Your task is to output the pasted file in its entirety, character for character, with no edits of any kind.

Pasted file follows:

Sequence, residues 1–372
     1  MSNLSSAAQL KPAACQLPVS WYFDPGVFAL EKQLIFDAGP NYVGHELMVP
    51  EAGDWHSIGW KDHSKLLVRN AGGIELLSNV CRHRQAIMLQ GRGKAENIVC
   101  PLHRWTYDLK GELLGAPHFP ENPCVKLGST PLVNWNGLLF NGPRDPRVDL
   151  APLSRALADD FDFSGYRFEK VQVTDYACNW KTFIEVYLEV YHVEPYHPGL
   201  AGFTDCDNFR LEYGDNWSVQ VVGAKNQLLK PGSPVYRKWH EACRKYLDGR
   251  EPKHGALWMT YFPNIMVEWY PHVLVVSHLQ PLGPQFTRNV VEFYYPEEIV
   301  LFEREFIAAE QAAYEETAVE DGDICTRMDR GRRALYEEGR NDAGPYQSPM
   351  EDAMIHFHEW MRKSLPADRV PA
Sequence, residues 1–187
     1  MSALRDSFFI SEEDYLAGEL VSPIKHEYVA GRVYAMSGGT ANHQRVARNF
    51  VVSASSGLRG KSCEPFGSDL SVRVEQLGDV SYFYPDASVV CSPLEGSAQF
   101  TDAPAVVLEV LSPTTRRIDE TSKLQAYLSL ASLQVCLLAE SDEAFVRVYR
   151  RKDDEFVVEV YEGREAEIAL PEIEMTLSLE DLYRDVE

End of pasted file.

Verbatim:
Sequence, residues 1–372
     1  MSNLSSAAQL KPAACQLPVS WYFDPGVFAL EKQLIFDAGP NYVGHELMVP
    51  EAGDWHSIGW KDHSKLLVRN AGGIELLSNV CRHRQAIMLQ GRGKAENIVC
   101  PLHRWTYDLK GELLGAPHFP ENPCVKLGST PLVNWNGLLF NGPRDPRVDL
   151  APLSRALADD FDFSGYRFEK VQVTDYACNW KTFIEVYLEV YHVEPYHPGL
   201  AGFTDCDNFR LEYGDNWSVQ VVGAKNQLLK PGSPVYRKWH EACRKYLDGR
   251  EPKHGALWMT YFPNIMVEWY PHVLVVSHLQ PLGPQFTRNV VEFYYPEEIV
   301  LFEREFIAAE QAAYEETAVE DGDICTRMDR GRRALYEEGR NDAGPYQSPM
   351  EDAMIHFHEW MRKSLPADRV PA
Sequence, residues 1–187
     1  MSALRDSFFI SEEDYLAGEL VSPIKHEYVA GRVYAMSGGT ANHQRVARNF
    51  VVSASSGLRG KSCEPFGSDL SVRVEQLGDV SYFYPDASVV CSPLEGSAQF
   101  TDAPAVVLEV LSPTTRRIDE TSKLQAYLSL ASLQVCLLAE SDEAFVRVYR
   151  RKDDEFVVEV YEGREAEIAL PEIEMTLSLE DLYRDVE